It was day three of a four-day trip and things weren’t looking good. The water clarity was off, weather pattern stale, and salmon were clogging the prime runs. Even with the three other sticks in our group—all of them seasoned locals—we’d only scratched-out two fish.
After tough morning and a tougher afternoon, I started rehearsing those lines fishermen tell themselves when things fall short of expectations: great just hanging out with friends, always good checking out new water, strung together some really nice casts…you know, lies.
By 4:00, we were set up on one of the more popular runs but almost everything was wrong—brown water, cloudless skies, and sun shining directly into the fishes’ eyes. Wiser gents on the roadside patiently waited for better conditions but pure desperation drove me to fish. I racked my Onyx 5wt dry line set up and went for maximum confidence: a battle-tested Platinum 12’6” 6wt, 425 Tonic, and 10’ of T-11. Out of charity, Bruce handed me one of his black/purple/red Fish Movers with a set of instructions: “Tie this on and give me a shout when you hook a fish. I need photos of this fly hanging out of a fish’s mouth.”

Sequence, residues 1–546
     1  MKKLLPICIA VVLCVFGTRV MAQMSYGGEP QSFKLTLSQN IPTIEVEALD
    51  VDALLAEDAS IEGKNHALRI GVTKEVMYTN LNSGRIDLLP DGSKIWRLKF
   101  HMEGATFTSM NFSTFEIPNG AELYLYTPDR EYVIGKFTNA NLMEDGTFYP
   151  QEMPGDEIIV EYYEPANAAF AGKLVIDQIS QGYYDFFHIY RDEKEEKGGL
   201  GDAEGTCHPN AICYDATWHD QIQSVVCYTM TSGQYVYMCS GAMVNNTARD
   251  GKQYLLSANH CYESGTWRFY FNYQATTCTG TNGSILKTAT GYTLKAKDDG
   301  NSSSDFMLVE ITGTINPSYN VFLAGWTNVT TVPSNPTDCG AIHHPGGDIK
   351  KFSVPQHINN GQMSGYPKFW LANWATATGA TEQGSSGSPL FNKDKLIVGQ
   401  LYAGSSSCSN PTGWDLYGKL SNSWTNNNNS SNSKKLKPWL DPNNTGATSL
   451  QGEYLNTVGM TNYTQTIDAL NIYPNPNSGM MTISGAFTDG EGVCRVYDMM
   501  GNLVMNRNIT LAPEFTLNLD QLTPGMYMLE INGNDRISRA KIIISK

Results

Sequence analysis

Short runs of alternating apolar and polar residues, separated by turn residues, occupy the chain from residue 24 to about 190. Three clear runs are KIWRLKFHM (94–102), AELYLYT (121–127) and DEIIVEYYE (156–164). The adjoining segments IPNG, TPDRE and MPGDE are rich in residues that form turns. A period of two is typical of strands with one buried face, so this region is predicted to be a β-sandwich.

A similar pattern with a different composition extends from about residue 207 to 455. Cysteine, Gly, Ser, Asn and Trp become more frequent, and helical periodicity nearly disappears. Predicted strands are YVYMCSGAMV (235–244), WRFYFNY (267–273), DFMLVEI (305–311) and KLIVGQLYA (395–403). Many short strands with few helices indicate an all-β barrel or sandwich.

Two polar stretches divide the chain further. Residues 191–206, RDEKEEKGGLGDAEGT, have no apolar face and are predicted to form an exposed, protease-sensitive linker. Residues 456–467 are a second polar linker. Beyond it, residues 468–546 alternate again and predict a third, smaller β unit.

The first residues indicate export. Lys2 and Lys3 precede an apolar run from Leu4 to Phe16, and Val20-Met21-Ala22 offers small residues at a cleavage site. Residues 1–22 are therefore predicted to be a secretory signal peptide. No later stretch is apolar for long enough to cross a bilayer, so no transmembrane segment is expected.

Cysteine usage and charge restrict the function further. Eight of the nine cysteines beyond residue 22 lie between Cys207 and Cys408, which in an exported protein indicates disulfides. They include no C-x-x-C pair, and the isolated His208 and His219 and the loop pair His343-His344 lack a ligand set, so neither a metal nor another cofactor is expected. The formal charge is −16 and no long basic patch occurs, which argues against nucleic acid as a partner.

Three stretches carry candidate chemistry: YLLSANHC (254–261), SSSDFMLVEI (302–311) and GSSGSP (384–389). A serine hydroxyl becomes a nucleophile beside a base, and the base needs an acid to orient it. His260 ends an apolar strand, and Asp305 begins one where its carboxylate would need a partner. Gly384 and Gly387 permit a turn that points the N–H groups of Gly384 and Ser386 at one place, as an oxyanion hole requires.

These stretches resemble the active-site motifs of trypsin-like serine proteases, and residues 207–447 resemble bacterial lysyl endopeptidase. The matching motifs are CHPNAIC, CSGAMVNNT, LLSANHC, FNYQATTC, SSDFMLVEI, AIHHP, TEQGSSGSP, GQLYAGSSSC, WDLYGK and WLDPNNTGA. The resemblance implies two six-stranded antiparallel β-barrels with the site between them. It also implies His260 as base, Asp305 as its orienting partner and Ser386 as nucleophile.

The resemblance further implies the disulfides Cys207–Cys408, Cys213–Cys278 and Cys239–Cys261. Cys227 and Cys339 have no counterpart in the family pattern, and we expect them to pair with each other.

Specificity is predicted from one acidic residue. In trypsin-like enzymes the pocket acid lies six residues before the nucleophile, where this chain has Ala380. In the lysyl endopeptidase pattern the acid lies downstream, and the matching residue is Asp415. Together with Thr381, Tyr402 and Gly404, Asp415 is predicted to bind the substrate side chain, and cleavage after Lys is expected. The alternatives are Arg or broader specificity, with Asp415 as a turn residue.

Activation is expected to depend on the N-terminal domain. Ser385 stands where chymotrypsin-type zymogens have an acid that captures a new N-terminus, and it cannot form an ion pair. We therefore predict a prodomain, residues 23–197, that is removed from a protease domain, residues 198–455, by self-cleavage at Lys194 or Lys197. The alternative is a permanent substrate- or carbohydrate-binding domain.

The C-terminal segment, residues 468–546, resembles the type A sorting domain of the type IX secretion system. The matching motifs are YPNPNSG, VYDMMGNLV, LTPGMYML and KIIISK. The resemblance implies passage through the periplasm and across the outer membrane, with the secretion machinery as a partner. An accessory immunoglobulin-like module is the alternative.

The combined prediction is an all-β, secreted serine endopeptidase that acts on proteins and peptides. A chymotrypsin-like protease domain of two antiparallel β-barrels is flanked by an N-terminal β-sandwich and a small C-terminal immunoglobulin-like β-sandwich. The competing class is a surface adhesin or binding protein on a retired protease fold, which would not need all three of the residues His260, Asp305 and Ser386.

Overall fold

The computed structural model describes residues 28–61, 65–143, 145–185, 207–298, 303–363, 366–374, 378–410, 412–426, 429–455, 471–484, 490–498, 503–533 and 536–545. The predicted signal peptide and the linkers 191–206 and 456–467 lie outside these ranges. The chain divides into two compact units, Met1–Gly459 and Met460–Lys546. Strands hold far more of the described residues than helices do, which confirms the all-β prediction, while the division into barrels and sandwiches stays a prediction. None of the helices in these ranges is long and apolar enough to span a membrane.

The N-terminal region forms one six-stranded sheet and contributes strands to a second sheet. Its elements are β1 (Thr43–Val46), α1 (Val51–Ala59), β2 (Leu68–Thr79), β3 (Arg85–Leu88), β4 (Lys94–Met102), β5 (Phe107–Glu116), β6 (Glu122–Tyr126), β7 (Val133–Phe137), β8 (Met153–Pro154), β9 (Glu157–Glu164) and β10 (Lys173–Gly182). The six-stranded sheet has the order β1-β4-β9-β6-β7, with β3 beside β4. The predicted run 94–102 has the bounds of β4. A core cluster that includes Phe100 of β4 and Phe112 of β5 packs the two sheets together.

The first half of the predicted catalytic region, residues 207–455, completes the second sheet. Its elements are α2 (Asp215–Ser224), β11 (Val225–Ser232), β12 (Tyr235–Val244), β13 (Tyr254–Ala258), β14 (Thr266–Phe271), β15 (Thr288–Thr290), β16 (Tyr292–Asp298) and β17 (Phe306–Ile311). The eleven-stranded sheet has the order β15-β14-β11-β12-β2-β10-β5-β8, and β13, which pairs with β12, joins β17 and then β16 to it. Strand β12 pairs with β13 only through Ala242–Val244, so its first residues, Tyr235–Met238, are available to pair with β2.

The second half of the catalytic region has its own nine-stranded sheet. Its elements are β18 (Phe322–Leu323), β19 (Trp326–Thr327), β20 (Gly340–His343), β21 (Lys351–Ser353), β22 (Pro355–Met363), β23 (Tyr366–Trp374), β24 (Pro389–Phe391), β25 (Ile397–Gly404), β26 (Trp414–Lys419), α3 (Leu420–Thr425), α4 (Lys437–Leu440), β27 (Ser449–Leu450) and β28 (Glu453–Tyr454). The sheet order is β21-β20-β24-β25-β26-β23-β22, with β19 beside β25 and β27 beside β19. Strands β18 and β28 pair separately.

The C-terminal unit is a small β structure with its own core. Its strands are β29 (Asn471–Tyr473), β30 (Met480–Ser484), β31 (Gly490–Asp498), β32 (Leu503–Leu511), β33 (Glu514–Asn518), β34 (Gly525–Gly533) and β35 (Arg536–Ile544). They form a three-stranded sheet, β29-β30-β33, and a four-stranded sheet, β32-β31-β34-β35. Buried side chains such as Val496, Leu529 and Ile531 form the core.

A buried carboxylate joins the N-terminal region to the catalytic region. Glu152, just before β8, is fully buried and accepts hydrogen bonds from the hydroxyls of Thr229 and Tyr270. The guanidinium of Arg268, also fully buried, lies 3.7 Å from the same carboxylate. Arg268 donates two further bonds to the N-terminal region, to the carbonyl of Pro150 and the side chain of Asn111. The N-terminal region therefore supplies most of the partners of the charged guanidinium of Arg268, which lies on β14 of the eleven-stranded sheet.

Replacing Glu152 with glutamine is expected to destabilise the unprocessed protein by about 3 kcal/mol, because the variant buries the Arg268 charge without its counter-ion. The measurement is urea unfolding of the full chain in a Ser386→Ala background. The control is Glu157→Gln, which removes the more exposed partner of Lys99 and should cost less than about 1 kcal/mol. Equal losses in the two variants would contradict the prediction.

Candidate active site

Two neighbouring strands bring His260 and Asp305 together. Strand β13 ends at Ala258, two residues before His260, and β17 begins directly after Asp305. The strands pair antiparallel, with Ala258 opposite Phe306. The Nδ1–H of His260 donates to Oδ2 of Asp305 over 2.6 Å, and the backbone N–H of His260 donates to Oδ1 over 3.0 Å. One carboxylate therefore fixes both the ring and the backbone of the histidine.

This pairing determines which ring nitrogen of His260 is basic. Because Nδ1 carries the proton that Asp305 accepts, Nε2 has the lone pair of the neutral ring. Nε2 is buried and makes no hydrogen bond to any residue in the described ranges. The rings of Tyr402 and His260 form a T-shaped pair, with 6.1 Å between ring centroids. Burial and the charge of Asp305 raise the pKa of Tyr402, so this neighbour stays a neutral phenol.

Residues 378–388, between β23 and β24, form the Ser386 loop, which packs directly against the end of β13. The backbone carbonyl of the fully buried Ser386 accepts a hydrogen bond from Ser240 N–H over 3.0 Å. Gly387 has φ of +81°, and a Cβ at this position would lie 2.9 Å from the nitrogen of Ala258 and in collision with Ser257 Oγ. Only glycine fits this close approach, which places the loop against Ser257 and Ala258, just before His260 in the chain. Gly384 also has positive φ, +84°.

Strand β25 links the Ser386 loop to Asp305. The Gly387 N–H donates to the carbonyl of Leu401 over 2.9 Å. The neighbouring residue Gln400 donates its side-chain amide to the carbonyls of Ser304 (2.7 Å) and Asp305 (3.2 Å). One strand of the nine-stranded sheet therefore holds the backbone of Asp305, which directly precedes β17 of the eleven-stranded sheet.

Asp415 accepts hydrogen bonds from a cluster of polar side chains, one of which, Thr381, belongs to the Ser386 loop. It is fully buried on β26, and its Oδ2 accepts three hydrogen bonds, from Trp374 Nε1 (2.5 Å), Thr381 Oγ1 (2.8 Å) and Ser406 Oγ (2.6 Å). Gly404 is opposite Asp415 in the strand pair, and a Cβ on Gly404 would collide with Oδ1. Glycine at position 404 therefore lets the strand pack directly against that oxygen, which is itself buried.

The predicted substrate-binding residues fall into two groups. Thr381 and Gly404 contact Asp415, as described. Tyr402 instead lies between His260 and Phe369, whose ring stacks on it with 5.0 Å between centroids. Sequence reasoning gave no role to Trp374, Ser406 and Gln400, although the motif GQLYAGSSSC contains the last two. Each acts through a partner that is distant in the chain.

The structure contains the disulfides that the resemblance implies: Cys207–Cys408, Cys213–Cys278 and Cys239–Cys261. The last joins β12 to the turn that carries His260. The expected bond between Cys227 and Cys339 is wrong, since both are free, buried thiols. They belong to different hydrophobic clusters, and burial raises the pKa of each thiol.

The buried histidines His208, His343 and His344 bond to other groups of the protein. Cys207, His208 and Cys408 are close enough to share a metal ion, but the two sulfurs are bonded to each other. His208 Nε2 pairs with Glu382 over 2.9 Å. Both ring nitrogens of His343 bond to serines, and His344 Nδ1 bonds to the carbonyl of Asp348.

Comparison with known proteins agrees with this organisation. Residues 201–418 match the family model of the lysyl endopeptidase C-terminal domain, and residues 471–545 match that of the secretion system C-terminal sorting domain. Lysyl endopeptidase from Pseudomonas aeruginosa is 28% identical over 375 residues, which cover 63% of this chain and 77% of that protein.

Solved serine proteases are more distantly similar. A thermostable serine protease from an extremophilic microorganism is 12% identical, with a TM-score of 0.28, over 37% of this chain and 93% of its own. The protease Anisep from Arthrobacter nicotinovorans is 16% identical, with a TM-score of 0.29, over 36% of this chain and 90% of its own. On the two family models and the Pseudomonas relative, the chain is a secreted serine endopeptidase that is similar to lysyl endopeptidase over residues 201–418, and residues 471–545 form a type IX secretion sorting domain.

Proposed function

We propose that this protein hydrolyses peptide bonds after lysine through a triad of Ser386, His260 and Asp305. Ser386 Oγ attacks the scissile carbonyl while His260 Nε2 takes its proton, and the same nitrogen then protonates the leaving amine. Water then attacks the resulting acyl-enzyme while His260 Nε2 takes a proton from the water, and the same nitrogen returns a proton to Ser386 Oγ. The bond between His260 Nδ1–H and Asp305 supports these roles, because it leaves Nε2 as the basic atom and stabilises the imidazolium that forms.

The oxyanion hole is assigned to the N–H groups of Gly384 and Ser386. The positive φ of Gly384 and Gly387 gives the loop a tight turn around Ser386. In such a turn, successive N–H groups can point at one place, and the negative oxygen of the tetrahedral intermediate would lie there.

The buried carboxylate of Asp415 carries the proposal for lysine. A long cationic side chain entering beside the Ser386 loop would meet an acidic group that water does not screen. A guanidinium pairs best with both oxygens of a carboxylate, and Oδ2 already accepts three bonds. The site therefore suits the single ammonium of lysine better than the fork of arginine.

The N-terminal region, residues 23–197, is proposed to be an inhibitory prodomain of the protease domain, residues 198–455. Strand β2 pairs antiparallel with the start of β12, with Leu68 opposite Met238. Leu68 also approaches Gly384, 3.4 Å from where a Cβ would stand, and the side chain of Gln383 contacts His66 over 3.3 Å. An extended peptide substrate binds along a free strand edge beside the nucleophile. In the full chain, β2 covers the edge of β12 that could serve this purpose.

Within ten swings, I heard a slow click-click from my Perfect and in an instant I was connected to a red hot anadromous freight train. One problem: Bruce had already fished his way around the corner and was well out of earshot. Determined to help him get the proof of the fly mojo, I was faced with the challenge of not only landing a hot fish, but doing so while I rock-scrambled downstream in hopes of grabbing Bruce’s attention. After banging my shins, dunking, and working the steelhead free from not one but two snags, I somehow made it back to boat, netted the fish, and flagged down Bruce in time to snap a couple photos and safely release the fish.